Zigeunerin, Oudegracht, Utrecht, Sebastiaan Alphonse Van Besten, 1915, Rijksmuseum
I originally came across this photo on Pinterest and it caught my eye for multiple reasons. Obviously, unlike many of the old photos I usually use for these Then and Now posts, this one focuses more on an individual than a building or setting. The woman, a gypsy (zigeunerin), is the main subject of the image taken by Belgian autochromist Sebastiaan Alphonse van Besten. Van Besten was a refugee here in the Netherlands during World War I and took photos in various cities throughout the country, including this fantastic photo here in Utrecht. This particularly image now hangs in the Rijksmuseum in Amsterdam. I look forward to seeing it in person soon.
There are still gypies/travellers/roma, etc. in Utrecht and the Netherlands in general, but not quite so obvious now. However, the setting is barely changed. She stands just to the side of a set of stairs that lead down to the wharves along the Oudegracht and the St. Augustine Church in the background remains seemingly unchanged. Even the handrails of the stairs seem almost the same. Now, though, there are more parking signs and bicycles along the railing. In fact, if it weren’t for the bicycles, I could have stood in almost the exact spot to get my “now” photo. FYI, the photo I posted for my last Wordless Wednesday was taken almost directly underneath this spot, down on the wharf level.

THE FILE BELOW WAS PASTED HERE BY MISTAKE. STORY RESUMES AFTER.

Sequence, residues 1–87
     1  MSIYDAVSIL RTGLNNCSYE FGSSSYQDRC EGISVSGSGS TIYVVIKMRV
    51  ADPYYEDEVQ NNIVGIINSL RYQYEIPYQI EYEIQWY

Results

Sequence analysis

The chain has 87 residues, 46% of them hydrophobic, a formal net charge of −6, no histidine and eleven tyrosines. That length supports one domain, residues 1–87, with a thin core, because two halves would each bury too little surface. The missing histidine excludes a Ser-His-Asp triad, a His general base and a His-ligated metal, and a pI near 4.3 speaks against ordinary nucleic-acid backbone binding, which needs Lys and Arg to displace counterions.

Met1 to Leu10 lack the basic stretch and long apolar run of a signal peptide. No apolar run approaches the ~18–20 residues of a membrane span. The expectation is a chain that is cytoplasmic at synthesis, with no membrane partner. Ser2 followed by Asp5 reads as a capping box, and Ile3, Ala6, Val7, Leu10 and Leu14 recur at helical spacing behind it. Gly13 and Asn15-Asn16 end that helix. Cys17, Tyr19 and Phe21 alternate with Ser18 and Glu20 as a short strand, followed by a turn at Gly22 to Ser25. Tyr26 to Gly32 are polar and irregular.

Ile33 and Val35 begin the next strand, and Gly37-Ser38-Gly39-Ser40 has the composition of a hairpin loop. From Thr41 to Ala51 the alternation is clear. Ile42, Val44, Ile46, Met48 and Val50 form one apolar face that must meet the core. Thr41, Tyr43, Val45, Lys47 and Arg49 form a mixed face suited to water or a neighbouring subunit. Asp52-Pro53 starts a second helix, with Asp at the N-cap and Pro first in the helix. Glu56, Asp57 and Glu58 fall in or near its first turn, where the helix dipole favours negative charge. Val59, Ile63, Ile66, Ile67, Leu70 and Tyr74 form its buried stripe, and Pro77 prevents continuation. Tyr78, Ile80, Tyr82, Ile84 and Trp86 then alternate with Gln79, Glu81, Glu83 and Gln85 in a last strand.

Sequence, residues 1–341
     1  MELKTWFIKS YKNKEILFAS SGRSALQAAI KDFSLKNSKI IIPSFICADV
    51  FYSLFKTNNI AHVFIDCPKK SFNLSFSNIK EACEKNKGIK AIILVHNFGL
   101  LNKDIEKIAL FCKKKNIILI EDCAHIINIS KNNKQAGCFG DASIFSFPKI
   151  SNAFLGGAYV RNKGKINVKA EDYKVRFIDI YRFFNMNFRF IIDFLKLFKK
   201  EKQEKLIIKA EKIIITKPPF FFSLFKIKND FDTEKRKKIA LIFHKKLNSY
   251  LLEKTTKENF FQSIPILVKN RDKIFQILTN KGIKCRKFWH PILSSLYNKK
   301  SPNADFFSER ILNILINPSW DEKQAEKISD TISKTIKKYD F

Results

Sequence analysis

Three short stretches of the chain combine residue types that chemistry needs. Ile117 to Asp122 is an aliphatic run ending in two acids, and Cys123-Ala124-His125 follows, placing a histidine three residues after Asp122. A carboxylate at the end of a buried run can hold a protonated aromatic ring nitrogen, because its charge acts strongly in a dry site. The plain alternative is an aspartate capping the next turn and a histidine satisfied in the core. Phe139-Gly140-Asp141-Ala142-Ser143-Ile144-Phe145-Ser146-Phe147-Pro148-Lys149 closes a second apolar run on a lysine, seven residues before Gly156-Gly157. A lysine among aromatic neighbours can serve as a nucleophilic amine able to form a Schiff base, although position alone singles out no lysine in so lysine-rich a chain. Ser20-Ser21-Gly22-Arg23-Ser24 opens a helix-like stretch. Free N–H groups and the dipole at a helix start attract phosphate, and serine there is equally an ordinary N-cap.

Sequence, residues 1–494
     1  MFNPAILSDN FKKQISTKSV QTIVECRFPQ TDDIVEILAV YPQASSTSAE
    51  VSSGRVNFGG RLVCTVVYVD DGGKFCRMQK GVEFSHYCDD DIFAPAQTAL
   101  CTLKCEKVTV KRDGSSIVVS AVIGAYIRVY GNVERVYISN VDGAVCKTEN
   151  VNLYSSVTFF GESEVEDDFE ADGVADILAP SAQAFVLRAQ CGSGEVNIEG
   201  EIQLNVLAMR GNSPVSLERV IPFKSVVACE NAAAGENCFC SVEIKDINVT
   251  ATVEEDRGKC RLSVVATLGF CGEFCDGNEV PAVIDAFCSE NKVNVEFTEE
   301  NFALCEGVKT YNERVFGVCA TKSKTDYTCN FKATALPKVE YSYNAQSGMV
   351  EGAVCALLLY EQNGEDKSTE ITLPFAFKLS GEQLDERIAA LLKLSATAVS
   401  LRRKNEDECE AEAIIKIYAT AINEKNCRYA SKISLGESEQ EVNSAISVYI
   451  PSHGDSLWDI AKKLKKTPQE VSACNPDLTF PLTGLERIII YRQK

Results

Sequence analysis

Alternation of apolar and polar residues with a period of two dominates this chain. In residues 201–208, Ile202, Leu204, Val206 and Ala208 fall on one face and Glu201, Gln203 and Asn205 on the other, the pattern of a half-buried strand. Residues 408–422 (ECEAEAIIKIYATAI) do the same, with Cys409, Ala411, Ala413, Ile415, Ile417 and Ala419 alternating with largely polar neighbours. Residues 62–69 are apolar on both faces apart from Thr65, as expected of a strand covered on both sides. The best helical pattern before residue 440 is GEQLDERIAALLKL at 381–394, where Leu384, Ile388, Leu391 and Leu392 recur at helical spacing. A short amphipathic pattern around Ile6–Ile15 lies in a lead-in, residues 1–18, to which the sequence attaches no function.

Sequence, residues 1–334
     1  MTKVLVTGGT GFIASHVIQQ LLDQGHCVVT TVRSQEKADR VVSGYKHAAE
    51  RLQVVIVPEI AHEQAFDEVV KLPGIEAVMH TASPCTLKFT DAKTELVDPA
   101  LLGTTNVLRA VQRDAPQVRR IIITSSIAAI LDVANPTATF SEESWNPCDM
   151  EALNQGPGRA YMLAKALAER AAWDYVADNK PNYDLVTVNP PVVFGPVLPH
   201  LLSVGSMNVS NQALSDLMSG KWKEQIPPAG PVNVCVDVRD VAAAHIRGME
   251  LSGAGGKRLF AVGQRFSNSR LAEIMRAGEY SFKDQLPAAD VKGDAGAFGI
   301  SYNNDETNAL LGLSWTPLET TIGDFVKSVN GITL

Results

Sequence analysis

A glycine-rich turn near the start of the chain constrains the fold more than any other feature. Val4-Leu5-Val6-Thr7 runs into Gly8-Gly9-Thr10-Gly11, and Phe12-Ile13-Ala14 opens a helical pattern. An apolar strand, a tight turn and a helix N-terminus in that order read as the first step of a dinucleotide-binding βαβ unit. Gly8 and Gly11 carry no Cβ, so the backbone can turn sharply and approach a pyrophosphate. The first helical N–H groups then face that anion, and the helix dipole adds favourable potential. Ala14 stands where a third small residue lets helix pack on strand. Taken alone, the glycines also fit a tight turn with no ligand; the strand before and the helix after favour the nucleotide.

Each year, on 11 November, the feast day of St. Martin (Sint Maarten) of Tours is celebrated. Primarily a Catholic celebration, it originated in France and then spread through parts of Europe. In some places, it is marked as the beginning of harvest and is sometimes celebrated with a large feast. In many other countries, including the Netherlands, it is marked mainly by children going through neighborhoods, carrying lanterns, singing songs about the saint, and often going door-to-door in the hopes of receiving candy.